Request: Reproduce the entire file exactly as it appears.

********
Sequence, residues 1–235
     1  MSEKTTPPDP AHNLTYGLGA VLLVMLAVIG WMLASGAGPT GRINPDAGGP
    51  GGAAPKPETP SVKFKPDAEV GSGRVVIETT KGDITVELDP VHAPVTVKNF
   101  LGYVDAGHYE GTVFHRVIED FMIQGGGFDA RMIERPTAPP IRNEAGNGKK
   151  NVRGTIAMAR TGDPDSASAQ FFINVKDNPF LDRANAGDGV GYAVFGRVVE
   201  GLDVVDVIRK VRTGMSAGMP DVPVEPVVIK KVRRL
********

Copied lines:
Sequence, residues 1–235
     1  MSEKTTPPDP AHNLTYGLGA VLLVMLAVIG WMLASGAGPT GRINPDAGGP
    51  GGAAPKPETP SVKFKPDAEV GSGRVVIETT KGDITVELDP VHAPVTVKNF
   101  LGYVDAGHYE GTVFHRVIED FMIQGGGFDA RMIERPTAPP IRNEAGNGKK
   151  NVRGTIAMAR TGDPDSASAQ FFINVKDNPF LDRANAGDGV GYAVFGRVVE
   201  GLDVVDVIRK VRTGMSAGMP DVPVEPVVIK KVRRL